MY RESULTS YEAR TO DATE
It’s been an up and down year for me. I was up more than 11% ytd at one stage in April, but I had an 8.5% Pinterest position, which I sold after results so that hurt (Pinterest fell more than 14% after Q1 results).
I ended the month up ytd 4.6%. 2021 ytd results were as follows:
End of Jan + 7.6% End of Feb + 7.7% End of Mar - 6.0% End of Apr + 4.6%
MONTH OF APRIL REVIEW
Before diving into April, just quickly on the returns above. In March I put 30% cash back in my portfolio which I took out towards the end of 2020. At the time I intended to leave the cash permanently out of the market. I accordingly adjusted my January and February results to include a 30% cash holding.
In April I was quite active. My key objective was to concentrate my portfolio into my highest confidence stocks.
This was a process for me, as I bought some names which I also sold out of during the month.
I sold my full Asana position. The thing that kept niggling me was whether I had the same level of confidence in Asana’s multi-billionaire mid-thirties, ex Facebook philanthropist CEO as I had in the CEO’s of the other companies I invested in. Comparing him to the likes of George Kurtz, et al, led me to conclude that I did not. Or at least not to the same extent as my top conviction stocks. That, and the huge costs in the business led to my decision to sell.
I bought a small position in, and then sold out of GAN - as I could not get comfortable enough with the numbers behind the acquisitions they made.
I built both Snowflake and Zoominfo into mid-sized positions by trimming my Inari and Bandwidth positions and selling my Pinterest position in full after Q1 results.
My key concerns with Pinterest’s results were the lack of traction in MaU’s in the US and their bearish guidance of reducing US MaU’s and engagement for Q2 of this year. Even though the results were great, I felt there were better places to put my money.
And then I did some things which may come back to bite me. If it does I’m sure a number of people on the board will tell me so:
I bought a small LEAP position in ETSY after re-reading Bear’s bullish comments on the stock, and did the same with Docusign. And I added small LEAP positions in Crowdstrike, Datadog and Cloudflare - all Jan 2023 calls. And lastly I bought a small position in a crypto asset called Chainlink, which I hope will become a key part of smart/automated contracts in future - based on the Ehterium blockchain.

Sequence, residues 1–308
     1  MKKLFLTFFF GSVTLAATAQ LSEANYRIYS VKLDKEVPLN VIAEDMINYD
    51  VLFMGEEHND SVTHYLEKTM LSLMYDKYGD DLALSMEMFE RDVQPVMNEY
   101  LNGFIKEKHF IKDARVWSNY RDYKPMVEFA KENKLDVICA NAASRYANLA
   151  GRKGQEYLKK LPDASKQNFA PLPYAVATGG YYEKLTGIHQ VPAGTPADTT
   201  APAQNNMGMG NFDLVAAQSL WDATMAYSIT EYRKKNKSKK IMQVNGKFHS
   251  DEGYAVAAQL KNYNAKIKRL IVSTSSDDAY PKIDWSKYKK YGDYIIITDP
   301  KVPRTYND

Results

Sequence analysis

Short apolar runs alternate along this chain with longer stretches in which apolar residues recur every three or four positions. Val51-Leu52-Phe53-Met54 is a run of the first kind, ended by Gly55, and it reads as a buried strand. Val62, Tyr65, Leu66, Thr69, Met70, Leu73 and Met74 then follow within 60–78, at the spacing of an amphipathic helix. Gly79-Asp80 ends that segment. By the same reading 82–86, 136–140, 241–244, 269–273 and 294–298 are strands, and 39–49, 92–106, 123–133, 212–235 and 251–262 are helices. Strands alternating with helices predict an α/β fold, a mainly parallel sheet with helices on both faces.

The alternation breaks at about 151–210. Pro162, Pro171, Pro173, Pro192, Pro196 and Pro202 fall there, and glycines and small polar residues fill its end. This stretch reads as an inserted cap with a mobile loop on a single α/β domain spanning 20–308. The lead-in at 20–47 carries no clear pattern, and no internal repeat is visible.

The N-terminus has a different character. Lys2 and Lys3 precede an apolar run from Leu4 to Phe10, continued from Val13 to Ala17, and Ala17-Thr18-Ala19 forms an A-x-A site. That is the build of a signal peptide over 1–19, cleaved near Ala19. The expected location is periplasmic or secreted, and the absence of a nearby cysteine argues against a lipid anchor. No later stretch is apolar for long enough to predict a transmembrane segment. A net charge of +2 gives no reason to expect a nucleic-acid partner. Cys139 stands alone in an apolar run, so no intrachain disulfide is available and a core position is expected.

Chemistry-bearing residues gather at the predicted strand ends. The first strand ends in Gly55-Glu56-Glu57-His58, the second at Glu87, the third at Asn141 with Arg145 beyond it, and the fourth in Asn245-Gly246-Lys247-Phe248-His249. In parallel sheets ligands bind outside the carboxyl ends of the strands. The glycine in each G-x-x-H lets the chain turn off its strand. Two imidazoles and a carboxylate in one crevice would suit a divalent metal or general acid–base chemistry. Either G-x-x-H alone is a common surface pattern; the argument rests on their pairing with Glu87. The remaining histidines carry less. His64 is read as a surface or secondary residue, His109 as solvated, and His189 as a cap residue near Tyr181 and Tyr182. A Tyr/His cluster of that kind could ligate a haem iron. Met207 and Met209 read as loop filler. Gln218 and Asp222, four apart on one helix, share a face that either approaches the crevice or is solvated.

So my portfolio is now a little springloaded but the spring can go both ways to an extent, and in fact did during the last two days of last week. I kept the option part limited, though, and my intent is not short-term gains but rather to add a little to any upside on my top conviction stocks.
For my current holdings, I had the following from the beginning of the year, and their share movement has been as follows since then:
Cloudflare: 75.66 to to 84.89 **up 12.2%** Crowdstrike: 211.82 to 211.32 **down 0.3%** Datadog: 98.44 to 88.84 **down 9.8%**
These I bought during the year, and their price change since I first purchase is as follows (I include Pinterest as I sold it just before month-end):
Inari 100.40 to 113.32 **up 12.8%** bought in Jan Snowflake 219.50 to 229.28 **up 4.5%** bought in Mar Zoominfo 47.98 to 52.03 **up 8.6%** bought in Apr Chainlink from €23.02 to €31.84 **up 38.3%** bought in Mar Bandwidth 179.41 to 130.01 **down 27.5%** bought in Feb Docusign Jan 2023 calls **down 10.13%** bought in Apr Etsy Jan 2023 calls **down 9.15%** bought in Apr
I did not have any slam-dunk winners this year yet except Chainlink, which is a very small position which I don’t intend to grow. And I had two big losers in mid-sized positions: Pinterest (which I sold at about a 16% loss) and Bandwidth which is down about 27%. Luckily this was made up by gains in two larger positions: Inari and Cloudflare, both of which are up around 12%. So a bit of a mixed bag up to now.
At one stage I was up to 13 positions, and I’ve now managed to bring them down to 10. Crowdstrike, Datadog and Cloudflare are a little leveraged due to LEAPs and Docusign and Etsy are small positions which are fully comprised of LEAPs. I currently have no cash position: